I’ve been working on a big Flutter project for half a year now. In this article I sum up my insights about integration tests at the end of 2021.
The Value of Integration Tests is still Underestimated
Video courses on YouTube or Udemy give only very simple examples — if at all. With books it’s the same. In my opinion, 95% of all courses and books are aimed at beginners. And beginners really do not need integration tests from the start. Unit tests and maybe widget tests are sufficient for small hobby projects.
The matter changes fundamentally if projects are to live longer. Then the effort is worth it, because:
- The QA team is relieved of manual regression testing, which costs a lot of time, effort and frustration. Continous Integration can find broken navigation paths and any differences from previous versions.
- A nightly build can disclose errors that would be undetected.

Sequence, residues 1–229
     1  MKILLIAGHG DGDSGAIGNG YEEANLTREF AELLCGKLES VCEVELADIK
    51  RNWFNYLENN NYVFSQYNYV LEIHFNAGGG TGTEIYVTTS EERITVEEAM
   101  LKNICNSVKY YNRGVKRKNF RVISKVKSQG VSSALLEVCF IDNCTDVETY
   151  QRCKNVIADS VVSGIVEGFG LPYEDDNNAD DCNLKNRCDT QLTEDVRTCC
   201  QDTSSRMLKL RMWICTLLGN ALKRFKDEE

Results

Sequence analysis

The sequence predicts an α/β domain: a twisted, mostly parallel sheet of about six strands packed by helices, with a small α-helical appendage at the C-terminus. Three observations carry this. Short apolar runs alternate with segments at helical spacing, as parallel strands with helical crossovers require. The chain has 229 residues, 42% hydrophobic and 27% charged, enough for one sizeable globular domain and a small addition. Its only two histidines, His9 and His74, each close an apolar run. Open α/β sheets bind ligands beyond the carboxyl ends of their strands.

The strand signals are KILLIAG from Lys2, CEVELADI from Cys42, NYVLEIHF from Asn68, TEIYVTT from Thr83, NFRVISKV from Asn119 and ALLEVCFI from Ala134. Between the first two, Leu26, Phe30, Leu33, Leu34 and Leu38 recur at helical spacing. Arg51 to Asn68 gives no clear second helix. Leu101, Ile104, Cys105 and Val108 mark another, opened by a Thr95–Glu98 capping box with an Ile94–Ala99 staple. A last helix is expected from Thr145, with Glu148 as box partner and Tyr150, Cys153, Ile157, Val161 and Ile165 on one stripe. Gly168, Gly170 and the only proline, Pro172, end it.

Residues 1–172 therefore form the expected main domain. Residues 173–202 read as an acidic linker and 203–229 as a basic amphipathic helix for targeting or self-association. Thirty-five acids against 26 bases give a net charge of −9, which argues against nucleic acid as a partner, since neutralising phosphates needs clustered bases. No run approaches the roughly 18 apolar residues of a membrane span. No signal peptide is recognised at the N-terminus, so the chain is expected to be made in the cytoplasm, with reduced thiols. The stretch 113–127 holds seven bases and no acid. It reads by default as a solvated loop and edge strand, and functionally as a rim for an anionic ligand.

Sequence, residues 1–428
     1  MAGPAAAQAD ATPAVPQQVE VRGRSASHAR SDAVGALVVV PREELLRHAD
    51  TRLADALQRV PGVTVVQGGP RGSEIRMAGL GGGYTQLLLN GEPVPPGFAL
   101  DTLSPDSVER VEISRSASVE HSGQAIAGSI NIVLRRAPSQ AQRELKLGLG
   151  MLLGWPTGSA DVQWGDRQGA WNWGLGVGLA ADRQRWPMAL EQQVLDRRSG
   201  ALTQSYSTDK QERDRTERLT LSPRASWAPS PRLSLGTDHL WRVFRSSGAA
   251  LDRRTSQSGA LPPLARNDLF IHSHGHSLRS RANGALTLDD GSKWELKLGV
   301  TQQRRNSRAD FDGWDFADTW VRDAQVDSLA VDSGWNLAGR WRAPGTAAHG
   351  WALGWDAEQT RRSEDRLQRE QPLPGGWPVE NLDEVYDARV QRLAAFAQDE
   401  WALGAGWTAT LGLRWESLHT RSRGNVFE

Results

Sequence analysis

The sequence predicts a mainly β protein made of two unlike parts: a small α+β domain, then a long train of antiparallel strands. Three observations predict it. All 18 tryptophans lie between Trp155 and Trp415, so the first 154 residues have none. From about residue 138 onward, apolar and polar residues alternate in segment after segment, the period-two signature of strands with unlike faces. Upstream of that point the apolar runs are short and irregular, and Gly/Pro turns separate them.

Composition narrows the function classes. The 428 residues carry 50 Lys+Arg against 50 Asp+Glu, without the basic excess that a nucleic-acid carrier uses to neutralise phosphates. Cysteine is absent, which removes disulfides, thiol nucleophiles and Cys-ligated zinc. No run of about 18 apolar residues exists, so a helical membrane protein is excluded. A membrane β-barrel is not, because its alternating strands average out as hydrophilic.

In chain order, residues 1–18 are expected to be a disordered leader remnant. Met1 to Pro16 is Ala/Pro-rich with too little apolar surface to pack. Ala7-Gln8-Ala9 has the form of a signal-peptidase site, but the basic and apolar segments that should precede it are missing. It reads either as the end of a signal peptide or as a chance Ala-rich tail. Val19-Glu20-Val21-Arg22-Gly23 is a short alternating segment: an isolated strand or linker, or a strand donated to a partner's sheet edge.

- New team members can watch the running tests and see, what are the main paths of the app.
Why are they not appreciated?
- Yes, integration tests often have “false failures”. The app got a new feature, a bug was fixed, an “unmockable” service was not available and all this causes failing tests. This is frustrating, escpecially if a merge request is blocked by such a “false failure”.
- Yes, it happens, that the app or the test shows flaky behavior, that means sometimes the test succeeds, sometimes it fails — without an apparent reason.
- Yes, the documentation is not as god as it could be.
- Yes, the shareholders don’t see any immediate progress in the App.
- Yes, it’s sometimes hard to impossible to test automatically, what a QA tester can check easily
Good News: Integration Tests Gain Momentum
In a previous pure iOS native project I already made some experiences with UI tests. Since changing my focus to Flutter in early 2020, I’ve been looking primarily at how tests are supported. I found the old flutter_driver package quite confusing, but this improved a lot with the integration_test…